Then, during his highly publicised clash with Jay-Z, he referenced the guest verse Eminem dropped on Renegade off of Jay’s The Blueprint, the album with which he first unleashed his fury upon the Illmatic rapper. “Murdered you on your own shit” was one of many barbs on Ether, and the reason it stung was twofold, firstly because it’s true (at least to this writer’s ears) and second because of the fact it belittles the thinking behind its inclusion.
Classic albums often revert to having a lone guest rapper on board as not to drown out the main voice, something Nas himself did via the stunning bars AZ drops on Illmatic’s Life a Bitch, and Biggie did with Method Man on The What. Both star turns are classic moments in hip hop but thoroughly matched by their sparring partner, both picked for their thrilling chemistry and the ability to enhance the other. This is the best way to get a guest verse work for you as well as the listener, and in highlighting Jay’s inability to get this right he belittles him as both a lyricist and an artist. The fact he and Biggie, someone he also accuses Jay Z of abusing his legacy, pulled this off adds a stronger sting to an already vicious barb.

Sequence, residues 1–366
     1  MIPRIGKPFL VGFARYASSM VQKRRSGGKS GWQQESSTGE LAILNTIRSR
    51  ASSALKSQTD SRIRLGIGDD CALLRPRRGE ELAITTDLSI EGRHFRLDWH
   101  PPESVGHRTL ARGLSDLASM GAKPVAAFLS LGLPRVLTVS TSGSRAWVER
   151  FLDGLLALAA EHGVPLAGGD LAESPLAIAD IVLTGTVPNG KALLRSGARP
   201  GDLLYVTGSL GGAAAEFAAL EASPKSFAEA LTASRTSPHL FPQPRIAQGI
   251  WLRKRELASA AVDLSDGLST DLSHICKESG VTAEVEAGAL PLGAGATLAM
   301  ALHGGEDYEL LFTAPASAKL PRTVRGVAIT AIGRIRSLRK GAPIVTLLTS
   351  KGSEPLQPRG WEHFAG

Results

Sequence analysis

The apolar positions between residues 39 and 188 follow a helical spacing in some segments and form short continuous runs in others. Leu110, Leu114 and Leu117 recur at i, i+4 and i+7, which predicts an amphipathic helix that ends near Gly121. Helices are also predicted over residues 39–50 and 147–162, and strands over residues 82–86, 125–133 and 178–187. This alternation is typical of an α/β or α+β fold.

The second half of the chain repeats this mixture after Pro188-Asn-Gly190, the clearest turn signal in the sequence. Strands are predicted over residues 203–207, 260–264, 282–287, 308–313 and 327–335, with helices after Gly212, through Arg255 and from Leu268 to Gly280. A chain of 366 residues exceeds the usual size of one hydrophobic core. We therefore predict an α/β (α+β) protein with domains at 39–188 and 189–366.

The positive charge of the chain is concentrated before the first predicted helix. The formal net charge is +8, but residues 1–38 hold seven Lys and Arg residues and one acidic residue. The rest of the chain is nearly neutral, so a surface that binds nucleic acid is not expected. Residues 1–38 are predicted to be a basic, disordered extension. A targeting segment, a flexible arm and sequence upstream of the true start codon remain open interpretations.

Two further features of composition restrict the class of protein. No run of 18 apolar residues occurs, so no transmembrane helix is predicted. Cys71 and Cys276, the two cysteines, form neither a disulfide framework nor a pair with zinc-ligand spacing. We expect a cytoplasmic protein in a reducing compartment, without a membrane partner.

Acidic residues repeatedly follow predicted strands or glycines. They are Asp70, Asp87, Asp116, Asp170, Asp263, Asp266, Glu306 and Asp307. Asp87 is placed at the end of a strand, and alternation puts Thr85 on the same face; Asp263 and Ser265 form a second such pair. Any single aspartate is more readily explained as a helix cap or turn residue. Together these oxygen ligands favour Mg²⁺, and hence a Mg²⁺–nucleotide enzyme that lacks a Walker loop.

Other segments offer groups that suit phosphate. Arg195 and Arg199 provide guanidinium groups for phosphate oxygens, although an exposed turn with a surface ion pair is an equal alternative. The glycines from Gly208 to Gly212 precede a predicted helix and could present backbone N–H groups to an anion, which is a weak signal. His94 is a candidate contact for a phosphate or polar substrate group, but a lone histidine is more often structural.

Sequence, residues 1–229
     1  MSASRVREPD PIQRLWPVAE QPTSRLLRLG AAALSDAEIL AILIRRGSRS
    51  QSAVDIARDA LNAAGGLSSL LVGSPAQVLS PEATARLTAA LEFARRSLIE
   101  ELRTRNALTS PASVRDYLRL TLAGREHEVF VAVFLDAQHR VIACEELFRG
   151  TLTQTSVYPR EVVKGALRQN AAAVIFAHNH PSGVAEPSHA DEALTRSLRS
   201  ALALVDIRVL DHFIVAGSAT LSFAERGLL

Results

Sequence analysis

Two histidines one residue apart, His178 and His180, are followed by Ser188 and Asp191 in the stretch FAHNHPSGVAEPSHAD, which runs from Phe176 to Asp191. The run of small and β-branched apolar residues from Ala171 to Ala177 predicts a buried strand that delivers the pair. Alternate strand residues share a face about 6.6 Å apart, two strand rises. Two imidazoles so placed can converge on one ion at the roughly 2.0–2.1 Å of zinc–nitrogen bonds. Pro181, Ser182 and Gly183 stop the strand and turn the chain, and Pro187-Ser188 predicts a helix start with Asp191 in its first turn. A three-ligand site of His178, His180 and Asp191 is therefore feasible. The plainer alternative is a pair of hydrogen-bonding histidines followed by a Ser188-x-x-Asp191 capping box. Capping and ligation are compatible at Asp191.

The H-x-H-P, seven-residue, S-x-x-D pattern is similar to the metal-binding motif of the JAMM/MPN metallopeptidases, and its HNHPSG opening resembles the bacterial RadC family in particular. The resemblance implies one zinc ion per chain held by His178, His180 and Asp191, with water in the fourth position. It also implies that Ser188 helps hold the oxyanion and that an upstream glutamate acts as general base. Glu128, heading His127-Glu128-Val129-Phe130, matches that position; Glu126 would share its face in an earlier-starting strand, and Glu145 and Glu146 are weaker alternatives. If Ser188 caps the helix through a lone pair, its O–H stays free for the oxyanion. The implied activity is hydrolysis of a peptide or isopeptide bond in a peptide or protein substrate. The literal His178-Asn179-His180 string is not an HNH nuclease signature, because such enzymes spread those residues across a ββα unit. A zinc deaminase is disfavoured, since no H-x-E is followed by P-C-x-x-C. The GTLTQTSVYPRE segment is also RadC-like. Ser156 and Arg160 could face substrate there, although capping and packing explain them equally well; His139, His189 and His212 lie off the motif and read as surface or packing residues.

It’s this lone accompaniment strategy that is underpinning Rapsody’s placement on To Pimp…, particularly prescient when considering that for a long while Kendrick discussed there being no other rapper on board whatsoever. Instead he’s gone for a counterpart, not someone he can upstage and crucially one that won’t do that to him. Beyond that, her verse manages to sit brilliantly in the overall lexicon of hip hop verses for an abundance of reasons.
On the surface the verse in itself is unquestionably ill. There’s many great moments, including the way a six bar sequence sees the words too dark, cupid, lucas, stupid, woo-hah and tutored all rhymed in a brilliant linguistic spin. The slightly spoken word delivery works well with Kendrick’s own shift on the album, but it’s the subject matter which really makes Rapsody’s contribution stand out, in particular the way it’s backed up by the depth of the wordplay.